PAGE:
An estimated 50,000 cancer survivors in Ireland are in chronic pain, but recent advances in pain management can help to significantly improve their quality of life, a major conference to be held in Dublin this week will hear.

Dr Declan O'Keeffe, pain consultant at St Vincent's Hospital and one of the organisers of the two-day 'Managing Cancer Pain' conference, told the Sunday Tribune it aims to increase awareness among healthcare pro- ­fessionals and patients of the options open to them.

"More and more people are beating cancer. There are currently around 150,000 cancer survivors in Ireland. But roughly one-third of these have chronic pain," he said.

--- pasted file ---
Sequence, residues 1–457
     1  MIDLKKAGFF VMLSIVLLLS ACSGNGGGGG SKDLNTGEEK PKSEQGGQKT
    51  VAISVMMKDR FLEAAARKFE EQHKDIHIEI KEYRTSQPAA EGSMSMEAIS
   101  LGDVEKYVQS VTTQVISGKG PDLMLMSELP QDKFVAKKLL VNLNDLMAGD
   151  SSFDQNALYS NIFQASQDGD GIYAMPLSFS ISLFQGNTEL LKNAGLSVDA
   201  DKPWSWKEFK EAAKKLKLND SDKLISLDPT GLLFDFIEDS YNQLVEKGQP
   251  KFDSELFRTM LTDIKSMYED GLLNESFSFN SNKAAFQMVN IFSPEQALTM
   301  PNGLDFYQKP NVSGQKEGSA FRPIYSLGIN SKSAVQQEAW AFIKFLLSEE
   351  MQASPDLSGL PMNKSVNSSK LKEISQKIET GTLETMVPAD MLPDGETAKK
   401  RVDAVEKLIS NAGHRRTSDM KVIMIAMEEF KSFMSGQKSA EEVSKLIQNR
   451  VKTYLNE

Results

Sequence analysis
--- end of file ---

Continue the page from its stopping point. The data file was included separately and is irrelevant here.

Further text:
"This can be as a result of the cancer itself, or other factors such as the impact of surgery and chemotherapy on their bodies.

"But the message we want to get out is that they do not need to suffer in silence. There are a variety of developments such as new drugs, rehabilitation programmes and medical devices which can really help improve their quality of life."

The conference, which opens on Friday at the College of Anaesthesists of Ireland in Dublin, was inspired by recent research into the extent of cancer pain in Ireland and worldwide.